Health Corner

Understanding diabetes

Published On: June 23, 2017 12:59 PM NPT By: Republica  | @RepublicaNepal

Diabetes is a chronic disease where the body either can’t produce insulin or can’t utilize the insulin it produces very well. There are many, who despite having this disease or having family members diagnosed with it, don’t know much about it. The Week talked to Dr Priyadarshani Yonzan, endocrinologist at Alka Hospital, Ekantakuna, to know more about how diabetes affects the body and how it can be managed.

What are the symptoms of diabetes?

Only 50% of people who have diabetes see symptoms of the disease. The symptoms include feeling thirsty and hungry frequently. People find themselves losing a lot of weight, quickly and without planning it. Other symptoms include a frequent need to pee and pins and needles feeling on your hands and feet. For those people who don’t have any symptoms, the only way to diagnose them is through routine screening. Although the American Diabetes Association recommends you should screen regularly after you reach the age of 45, in the context of Nepal, we recommend getting routine check-ups after the age of 30.

The different types of diabetes

There are different types of diabetes, Type 1, Type 2, Gestational and other rare types.

People with Type 1 can’t produce any insulin. Insulin is the hormone that helps digest sugar in the body. The beta cells that produce insulin located in the pancreas are already destroyed in this type of diabetes so they need regular insulin shots. This is mostly seen in children. However, it doesn’t mean that it can’t happen in adults and the elderly.

Insulin is produced in Type 2 diabetes but the body isn’t able to use it properly. It is referred to as insulin resistance. Since the body can’t use it, the sugar level in the body is high. It is mostly seen after 30 years of age, but can occur at any age as well.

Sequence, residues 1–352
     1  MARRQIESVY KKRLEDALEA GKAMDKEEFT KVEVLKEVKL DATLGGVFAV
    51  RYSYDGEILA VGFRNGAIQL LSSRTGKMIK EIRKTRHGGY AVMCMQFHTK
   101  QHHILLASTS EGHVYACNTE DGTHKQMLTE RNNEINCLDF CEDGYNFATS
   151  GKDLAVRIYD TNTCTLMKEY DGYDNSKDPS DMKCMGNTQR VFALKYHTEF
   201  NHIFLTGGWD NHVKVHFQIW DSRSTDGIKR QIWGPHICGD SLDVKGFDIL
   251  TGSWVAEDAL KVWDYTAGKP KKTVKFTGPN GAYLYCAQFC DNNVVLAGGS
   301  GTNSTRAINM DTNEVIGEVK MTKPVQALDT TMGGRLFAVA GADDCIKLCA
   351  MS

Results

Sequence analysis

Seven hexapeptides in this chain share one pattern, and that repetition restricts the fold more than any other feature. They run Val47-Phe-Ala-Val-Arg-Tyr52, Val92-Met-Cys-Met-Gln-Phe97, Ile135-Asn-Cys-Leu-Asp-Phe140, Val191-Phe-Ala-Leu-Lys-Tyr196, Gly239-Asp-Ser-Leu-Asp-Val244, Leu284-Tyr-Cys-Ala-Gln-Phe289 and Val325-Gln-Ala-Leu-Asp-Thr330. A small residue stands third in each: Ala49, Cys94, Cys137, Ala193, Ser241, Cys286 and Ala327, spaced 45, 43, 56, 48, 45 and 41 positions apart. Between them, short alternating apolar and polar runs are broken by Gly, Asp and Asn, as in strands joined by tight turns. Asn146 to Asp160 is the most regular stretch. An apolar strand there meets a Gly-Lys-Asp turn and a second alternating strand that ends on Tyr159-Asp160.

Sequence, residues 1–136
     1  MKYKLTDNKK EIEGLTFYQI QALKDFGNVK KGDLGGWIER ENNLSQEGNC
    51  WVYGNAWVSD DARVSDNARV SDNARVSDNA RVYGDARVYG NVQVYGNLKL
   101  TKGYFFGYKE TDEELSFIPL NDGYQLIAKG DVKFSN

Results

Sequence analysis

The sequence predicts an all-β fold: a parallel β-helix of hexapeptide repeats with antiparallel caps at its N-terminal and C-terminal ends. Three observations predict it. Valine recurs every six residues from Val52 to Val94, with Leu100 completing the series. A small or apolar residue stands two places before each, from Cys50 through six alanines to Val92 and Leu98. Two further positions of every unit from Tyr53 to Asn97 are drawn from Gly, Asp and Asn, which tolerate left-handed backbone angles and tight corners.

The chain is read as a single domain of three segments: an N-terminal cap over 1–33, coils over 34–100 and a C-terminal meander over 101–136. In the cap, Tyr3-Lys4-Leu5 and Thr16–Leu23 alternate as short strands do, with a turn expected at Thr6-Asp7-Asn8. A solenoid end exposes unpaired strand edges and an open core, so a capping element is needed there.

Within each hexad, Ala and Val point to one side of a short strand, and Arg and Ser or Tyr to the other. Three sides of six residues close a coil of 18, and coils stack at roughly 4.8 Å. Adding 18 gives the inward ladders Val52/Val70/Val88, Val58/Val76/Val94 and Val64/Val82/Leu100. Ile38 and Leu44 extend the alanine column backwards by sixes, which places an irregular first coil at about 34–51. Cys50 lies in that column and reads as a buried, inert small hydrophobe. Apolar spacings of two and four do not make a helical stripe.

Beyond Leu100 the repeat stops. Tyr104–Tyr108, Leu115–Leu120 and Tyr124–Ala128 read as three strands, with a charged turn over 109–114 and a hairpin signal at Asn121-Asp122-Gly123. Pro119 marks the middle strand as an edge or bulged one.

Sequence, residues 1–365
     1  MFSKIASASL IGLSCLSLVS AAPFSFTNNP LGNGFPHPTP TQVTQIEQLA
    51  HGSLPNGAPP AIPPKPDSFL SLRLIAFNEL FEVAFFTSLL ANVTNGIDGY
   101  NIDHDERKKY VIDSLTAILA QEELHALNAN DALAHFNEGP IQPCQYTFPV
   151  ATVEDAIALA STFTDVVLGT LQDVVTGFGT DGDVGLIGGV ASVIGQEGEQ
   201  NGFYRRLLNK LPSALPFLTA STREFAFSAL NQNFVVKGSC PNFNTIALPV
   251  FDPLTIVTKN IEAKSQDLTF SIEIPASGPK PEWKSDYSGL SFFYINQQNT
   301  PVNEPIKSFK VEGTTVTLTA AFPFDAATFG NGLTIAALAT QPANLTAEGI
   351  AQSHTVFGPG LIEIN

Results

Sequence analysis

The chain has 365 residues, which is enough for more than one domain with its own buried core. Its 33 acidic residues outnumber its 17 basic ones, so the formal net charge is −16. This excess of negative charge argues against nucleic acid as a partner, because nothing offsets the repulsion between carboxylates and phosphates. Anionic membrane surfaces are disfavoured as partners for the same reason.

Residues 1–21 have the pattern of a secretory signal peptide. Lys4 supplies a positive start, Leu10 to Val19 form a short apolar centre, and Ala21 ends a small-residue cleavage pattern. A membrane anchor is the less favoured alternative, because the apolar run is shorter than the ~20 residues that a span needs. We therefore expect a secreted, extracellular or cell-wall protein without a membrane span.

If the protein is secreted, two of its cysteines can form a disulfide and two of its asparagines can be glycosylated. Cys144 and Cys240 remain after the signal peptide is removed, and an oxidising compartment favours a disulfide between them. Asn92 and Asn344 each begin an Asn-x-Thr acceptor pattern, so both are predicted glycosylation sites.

Gestational diabetes occurs during pregnancy and goes away on its own after the baby has been delivered. The other types of diabetes, however, are very rarely seen.

Things patients need to keep in mind

After being diagnosed with diabetes, the patient needs to keep a few things in mind. The first one is that once they are diagnosed, they need to immediately start their treatment. After that, they need to make some drastic lifestyle changes. They need to start exercising regularly, for at least 30 minutes a day. Exercising doesn’t mean that you have to join the gym, walking for 30 minutes at a brisk pace counts as exercise as well. If their BMI result shows that they weigh more than they are supposed to, then they need to focus on losing weight as well. Stop eating not just sugary treats but junk food and oily food as well. Smoking and alcohol should be avoided and patients should make it a point to always carry chocolate in their pockets. There are patients who also keep a note in their pockets that read “I have diabetes, and I have chocolates in my pocket. If you feed me that and I still don’t wake up, please take me to the hospital.”

Another thing you need to do is minimize your stress levels because it also increases the blood sugar level in your body. Monitor your blood sugar level regularly. The HBA 1C blood test should be done on a monthly basis. The average of the last three months of this test gives an idea of whether the sugar levels are under control or not. When you check it, the result should be below 7. If all of these conditions are fulfilled then complications can be avoided in the long run.

Things family members need to keep in mind

If someone in your family has diabetes, you need to realize that your risk of having diabetes also increases. This disease is often genetic, so if there is a family history of it you need to get your blood sugar levels monitored on a regular basis, especially if you are above 30 years of age. Adopt a healthy life too along with your family member. It will help you in the long run, prevention, as they say, is always better than cure and diabetes doesn’t have a cure.

If your sugar level isn’t controlled

The target for every patient is to have HPA 1C below 7. If it is persistently high and around 8 or 9 percent, studies show that your risk of complications increases. If your sugar levels are out of control, you have to bring it under control through diet and medication. Otherwise, there will be many long term complications and they will develop at a very fast rate. These include kidney damage, retina damage, paralysis, and stroke among others. You may even develop acute complications, like hyperglycemic syndrome which is extremely high blood sugar levels. This can cause severe dehydration, decreased alertness, as well as loss of consciousness in many cases.

Dr Priyadarshani Yonzan

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